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[whatwg] Proposal for secure key-value data stores

From: Jeremy Orlow <jorlow@chromium.org>
Date: Wed, 14 Apr 2010 17:33:06 -0700
Message-ID: <k2l5dd9e5c51004141733hf46cba45t17274aa756a18738@mail.gmail.com>
Yes, |localStorage.setItem(AES.encrypt("username", key),
AES.encrypt("Nicholas", key));| is a bit ugly, but many things in the web
platform are.  And honestly, it's not _that_ ugly or _that_ many extra
characters.  And this is the type of problem JS libraries often solve.

I'd suggest you talk to various libraries (or write your own) about adding
a compatibility layer that includes JS crypto and in parallel talk to
browser vendors about adding a crypto API.

Anyhow, I can say with a fairly high level of certainty that we (Chromium)
are not interested in implementing this.  But maybe others (Mozilla?) are.
 So I'm going to withdraw myself from this discussion since I don't seem to
be adding any new information to it and I think everyone knows where I
stand.  :-)

J

On Wed, Apr 14, 2010 at 5:23 PM, Nicholas Zakas <nzakas at yahoo-inc.com>wrote:

>  I tried to articulate some of my thoughts as to why a generate purpose
> crypto isn?t enough to be useful and why trying to tack onto local storage
> could get messy:
>
>
> http://www.nczonline.net/blog/2010/04/13/towards-more-secure-client-side-data-storage/
>
>
>
>
>
> -Nicholas
>
>
>
> ______________________________________________
>
> Commander Lock: "Damnit Morpheus, not everyone believes what you believe!"
>
> Morpheus: "My beliefs do not require them to."
>   ------------------------------
>
> *From:* whatwg-bounces at lists.whatwg.org [mailto:
> whatwg-bounces at lists.whatwg.org] *On Behalf Of *Jeremy Orlow
> *Sent:* Thursday, April 08, 2010 3:14 AM
> *To:* Jonas Sicking
> *Cc:* whatwg at lists.whatwg.org; Dirk Pranke; Nicholas Zakas; Eric Uhrhane
>
> *Subject:* Re: [whatwg] Proposal for secure key-value data stores
>
>
>
> On Thu, Apr 8, 2010 at 2:10 AM, Jonas Sicking <jonas at sicking.cc> wrote:
>
> On Wed, Apr 7, 2010 at 5:44 PM, Jeremy Orlow <jorlow at chromium.org> wrote:
> >> I don't think this is enough of a
> >> problem to kill the feature though.
> >
> > I think this is a good feature to try and integrate into existing APIs if
> > it's possible to do so cleanly.  I don't think it's worth creating yet
> > another persistent storage API over, though.
>
> ...
>
> > For
> > localStorage, we could add a origin-wide setting or add an optional param
> to
> > setItem.
>
> Well, it seems harsh to require that *all* data on a domain is either
> security sensitive, and thus need expiration, or not security
> sensitive and thus need none. I think it makes a lot of sense to be
> able to let the page have several storage areas, some which expire and
> some which don't.
>
> Think mail.google.com where storing my emails would count as sensitive
> and should have expiration, but storing my drafts might be worth doing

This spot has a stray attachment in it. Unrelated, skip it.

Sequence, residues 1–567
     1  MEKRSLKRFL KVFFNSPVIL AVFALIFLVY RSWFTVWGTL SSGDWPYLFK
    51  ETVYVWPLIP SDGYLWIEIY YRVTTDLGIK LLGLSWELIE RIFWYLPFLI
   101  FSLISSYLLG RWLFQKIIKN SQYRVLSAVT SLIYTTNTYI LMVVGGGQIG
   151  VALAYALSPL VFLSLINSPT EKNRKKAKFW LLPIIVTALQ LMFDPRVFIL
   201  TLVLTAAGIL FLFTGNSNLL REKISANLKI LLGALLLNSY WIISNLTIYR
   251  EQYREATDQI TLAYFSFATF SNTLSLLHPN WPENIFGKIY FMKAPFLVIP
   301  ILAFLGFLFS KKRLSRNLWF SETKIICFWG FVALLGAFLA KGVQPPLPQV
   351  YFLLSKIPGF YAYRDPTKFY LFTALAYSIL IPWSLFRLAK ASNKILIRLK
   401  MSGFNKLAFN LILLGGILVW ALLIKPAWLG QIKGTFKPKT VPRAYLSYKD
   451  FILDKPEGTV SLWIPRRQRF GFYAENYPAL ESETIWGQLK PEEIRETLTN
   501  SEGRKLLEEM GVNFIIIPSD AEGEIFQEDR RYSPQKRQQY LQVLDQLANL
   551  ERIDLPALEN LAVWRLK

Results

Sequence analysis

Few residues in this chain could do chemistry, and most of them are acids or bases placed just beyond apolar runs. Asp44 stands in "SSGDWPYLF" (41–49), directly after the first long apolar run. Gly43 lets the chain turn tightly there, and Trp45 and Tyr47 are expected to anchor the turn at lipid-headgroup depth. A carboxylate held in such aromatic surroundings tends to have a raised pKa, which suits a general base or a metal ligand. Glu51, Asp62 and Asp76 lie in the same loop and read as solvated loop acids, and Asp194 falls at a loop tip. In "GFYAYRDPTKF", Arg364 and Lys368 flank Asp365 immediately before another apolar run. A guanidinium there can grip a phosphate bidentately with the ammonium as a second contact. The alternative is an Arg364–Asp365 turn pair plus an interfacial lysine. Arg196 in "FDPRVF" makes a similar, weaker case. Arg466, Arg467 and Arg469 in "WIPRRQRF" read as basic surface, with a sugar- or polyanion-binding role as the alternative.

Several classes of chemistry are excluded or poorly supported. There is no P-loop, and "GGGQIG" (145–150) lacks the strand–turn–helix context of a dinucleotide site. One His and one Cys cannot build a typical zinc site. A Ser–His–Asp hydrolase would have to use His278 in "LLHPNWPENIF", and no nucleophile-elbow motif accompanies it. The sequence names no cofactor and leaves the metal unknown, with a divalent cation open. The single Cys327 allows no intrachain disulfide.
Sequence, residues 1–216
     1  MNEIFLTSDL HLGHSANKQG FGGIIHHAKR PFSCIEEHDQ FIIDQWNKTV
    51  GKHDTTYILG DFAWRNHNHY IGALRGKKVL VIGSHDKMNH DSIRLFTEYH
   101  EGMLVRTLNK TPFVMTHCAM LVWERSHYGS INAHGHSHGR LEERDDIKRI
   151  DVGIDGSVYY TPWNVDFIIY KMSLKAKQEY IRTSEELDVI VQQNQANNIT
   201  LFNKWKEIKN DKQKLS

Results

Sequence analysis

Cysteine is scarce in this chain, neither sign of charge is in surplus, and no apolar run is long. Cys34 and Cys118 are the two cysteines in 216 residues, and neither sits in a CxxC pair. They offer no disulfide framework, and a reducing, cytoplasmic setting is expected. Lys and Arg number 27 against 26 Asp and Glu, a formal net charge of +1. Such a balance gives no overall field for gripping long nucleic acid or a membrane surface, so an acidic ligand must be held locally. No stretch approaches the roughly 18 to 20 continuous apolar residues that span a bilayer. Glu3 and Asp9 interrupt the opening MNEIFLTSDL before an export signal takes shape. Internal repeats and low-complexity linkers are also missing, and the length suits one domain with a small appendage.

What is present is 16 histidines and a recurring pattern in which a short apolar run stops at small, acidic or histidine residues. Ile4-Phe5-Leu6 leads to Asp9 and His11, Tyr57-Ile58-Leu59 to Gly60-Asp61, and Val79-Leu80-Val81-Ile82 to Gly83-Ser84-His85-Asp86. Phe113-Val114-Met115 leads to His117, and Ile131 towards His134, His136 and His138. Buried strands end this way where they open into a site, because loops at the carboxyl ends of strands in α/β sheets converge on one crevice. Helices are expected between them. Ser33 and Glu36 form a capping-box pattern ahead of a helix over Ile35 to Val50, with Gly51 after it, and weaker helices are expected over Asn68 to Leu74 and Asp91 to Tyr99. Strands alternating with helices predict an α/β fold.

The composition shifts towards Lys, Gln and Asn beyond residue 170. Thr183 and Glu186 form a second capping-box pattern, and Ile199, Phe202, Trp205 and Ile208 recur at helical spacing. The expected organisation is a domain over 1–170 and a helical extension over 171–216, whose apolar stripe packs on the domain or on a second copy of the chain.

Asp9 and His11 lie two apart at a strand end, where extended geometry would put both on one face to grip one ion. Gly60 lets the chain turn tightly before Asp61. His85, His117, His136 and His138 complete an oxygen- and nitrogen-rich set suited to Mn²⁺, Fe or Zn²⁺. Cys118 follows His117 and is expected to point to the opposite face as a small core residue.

> longer to prevent dataloss.
>
>
>
> Local storage is not a good API for more complex applications like gmail.
>  That's why I suggested integrating into IndexedDB and WebSQLDatabase (which
> is what I meant when I said "databases").  Note that I also suggested that
> it could be an optional parameter to setItem which would make it a per-item
> setting and still be backwards compatible with LocalStorage.  (Like I said,
> creating another LocalStorage-like API just for this feature is really not
> an option.)
>
>
>
> I just thought of an alternative approach to this whole situation
> though. We could add crypto and expiration functionality to IndexDB. I
> know the crypto stuff has come up before and there was some hesitation
> though. (Though I guess the same thing could be said for
> crypto+localStorage)
>
>
>
> Nikunj has already said no more major features for v1 of IndexedDB.  I
> think we might be able to sneak in an expiration parameter, but encryption
> 1) is not practical for v1 and  2) we're really jumping the gun on this
> encryption thing.  One person proposed it.  We haven't seen any evidence
> this is a widely sought after feature.  If _anything_ the right way to go is
> to make encryption fast and allow developers and authors of libraries to
> layer the two.  If there's compelling demand, THEN we should talk about
> adding it to individual APIs.
>
>
>
>  > It seems as though expiration policies could be added to the creation
> of
> > databases and the new FileWriter/FileSystem APIs pretty easily.
>
> I don't understand the usecase of expiring files. Isn't the whole
> point of saving to the file system so that the user gets better access
> to it and so that things like iPhoto can index any stored images?
>
>
> > But still....we need some use cases.  :-)
>
> I'm all for use cases. Though Nicholas did say that he'd want
> encryption and expiration on essentially all privacy sensitive
> information stored. Which I think I can understand.
>
>
>
> As stated, a more general purpose crypto API should be enough to satisfy
> this use case and others (like someone wanting to encrypt it client side
> before sending it to the server).  That is the direction these discussions
> should be headed, not taking one particular persistent storage API
> and finding a way to tack encryption onto it.
>
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